Observed four different white starlike objects.
I took this video with my Luna Optics LN-DB60-HD night vision binoculars. They provide 5x optical magnification. (Ignor the Date time stamp. I had just changed the batteries and the date/time is not accurate.) This occurred at 22:04 last evening 6/11/2019.
I was sky watching from my back deck, with a clear view of the northern sky. I had FlightRadar24 up on my iPad and could see that there were no planes shown in my vicinity. I had also just checked GoSatWatch and determined that there were no visually observable satellites in view. I was expecting to see nothing, based on these references, and was just sitting waiting for something to move into view.
I looked straight up and saw a bright flash, many times brighter than the brightest stars. Other than the flash I could see no moving object in the sky field. There was then another flash slightly further north. I picked up my NV binoculars and scanned the sky but detected nothing. There were additional flashes as the object moved further north. Finally, when it got in the vicinity of Polaris, which I could fix on, the flashing object came into view. In the binoculars, I could clearly see the bright flashes but I could also see the object when it wasn’t flashing. (The flashes were irregular, some about three seconds apart some about six seconds. This is not the standard flash rate for anti-collision strobe lights on a airplane. They are more like 1-1.5 seconds.) The object veered around to an easterly course, not abruptly but in a wide turn.
I got the recorder going on my binoculars and recorded about a minute of video as it moved off to the ENE. At that point I saw a second object moving across the screen. (at 1:23 into the video, 23:39:56 by the incorrect time stamp on the video.) This new object was steady, not flashing, and about as bright as some of the dim stars in the video.) I initially thought it had come from the flashing object I had be tracking, but after review of the video, I can see that it enters the field-of-view from the top and crosses near the flashing object but did not originate from it. I decided to track the new object to see what it did and the flashing object, Object#1, went out of the view. Object#2 was moving from the east to the northeast. After about twenty seconds a third object comes into view. (1:52 into the video, 23:40:22 on the incorrect time stamp.) Object#3 is brighter than Object#2 and of steady brightness. It is moving in opposite direction to Object#2, back towards the east. I stopped tracking Object #2 and started tracking Object#3. A few seconds later a forth object crosses the field-of-view. It comes in from the lower right side of the frame and crosses to the left. Object#4 is about as bright as Object#3 and steady. At this point I continued tracking Object#3 as it flew from the northern sky crossing east of me and went out of view behind my house to the southeast.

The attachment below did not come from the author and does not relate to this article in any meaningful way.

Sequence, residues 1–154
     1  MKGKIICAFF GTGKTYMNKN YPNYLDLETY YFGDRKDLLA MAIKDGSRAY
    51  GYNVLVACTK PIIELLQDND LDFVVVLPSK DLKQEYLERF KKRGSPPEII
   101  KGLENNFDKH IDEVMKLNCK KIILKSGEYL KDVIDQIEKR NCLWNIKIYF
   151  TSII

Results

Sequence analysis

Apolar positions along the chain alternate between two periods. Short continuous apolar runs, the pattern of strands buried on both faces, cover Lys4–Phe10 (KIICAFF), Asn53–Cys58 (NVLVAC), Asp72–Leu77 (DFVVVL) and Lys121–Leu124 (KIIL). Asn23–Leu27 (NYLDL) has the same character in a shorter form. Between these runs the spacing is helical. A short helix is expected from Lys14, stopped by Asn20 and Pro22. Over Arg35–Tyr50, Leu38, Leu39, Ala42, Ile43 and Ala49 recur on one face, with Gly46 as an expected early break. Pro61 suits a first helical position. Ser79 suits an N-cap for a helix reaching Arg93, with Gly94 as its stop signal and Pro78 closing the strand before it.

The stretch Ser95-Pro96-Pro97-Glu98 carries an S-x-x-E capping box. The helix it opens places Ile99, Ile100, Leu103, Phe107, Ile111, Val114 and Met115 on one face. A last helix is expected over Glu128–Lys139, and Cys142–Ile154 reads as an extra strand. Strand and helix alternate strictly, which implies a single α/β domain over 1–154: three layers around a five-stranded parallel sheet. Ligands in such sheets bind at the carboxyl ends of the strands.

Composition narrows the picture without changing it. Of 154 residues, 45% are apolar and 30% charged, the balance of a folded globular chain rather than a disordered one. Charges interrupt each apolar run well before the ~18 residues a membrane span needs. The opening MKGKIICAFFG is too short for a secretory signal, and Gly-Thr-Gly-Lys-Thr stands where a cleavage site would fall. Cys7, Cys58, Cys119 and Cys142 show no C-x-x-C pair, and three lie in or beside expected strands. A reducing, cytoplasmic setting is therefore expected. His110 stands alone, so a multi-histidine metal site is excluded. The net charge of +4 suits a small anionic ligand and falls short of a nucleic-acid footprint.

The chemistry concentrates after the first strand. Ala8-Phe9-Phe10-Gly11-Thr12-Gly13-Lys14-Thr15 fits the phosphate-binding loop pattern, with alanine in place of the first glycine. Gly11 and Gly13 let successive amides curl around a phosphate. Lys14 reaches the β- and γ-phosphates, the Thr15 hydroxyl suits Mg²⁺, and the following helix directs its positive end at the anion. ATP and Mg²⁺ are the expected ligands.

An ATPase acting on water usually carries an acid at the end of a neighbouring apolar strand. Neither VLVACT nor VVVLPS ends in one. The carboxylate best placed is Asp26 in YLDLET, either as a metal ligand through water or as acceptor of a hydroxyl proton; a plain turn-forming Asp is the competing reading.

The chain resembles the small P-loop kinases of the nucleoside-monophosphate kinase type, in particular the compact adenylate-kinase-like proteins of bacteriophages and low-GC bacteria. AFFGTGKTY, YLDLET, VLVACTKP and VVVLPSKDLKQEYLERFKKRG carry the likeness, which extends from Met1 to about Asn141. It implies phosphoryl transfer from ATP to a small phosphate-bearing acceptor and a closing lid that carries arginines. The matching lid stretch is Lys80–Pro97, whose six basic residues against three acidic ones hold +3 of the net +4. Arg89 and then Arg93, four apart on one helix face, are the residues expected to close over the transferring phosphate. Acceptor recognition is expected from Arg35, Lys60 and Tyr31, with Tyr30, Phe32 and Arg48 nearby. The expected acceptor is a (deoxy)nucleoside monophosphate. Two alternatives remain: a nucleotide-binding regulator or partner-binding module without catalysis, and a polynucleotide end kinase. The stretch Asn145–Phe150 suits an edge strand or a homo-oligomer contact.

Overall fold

I frequently watch the sky. I have seen innumerable planes and satellites crossing the sky both with the naked eye and tracked with my binoculars. Object#1, with its extremely bright flashes and very irregular intervals, was unlike any aircraft or satellite I have ever seen.
I scan the sky a lot with my binoculars. It is possible that they might pick up a satellite crossing the sky that is not visible to the naked eye. (Note: GoSatWatch was showing no satellites as viewable at that time.) However, to my recollection, I have never seen a moving object come into view as I am just viewing a fixed star or moving plane. To have three of them cross into view during this short three minute time frame, seems like an incredible coincidence.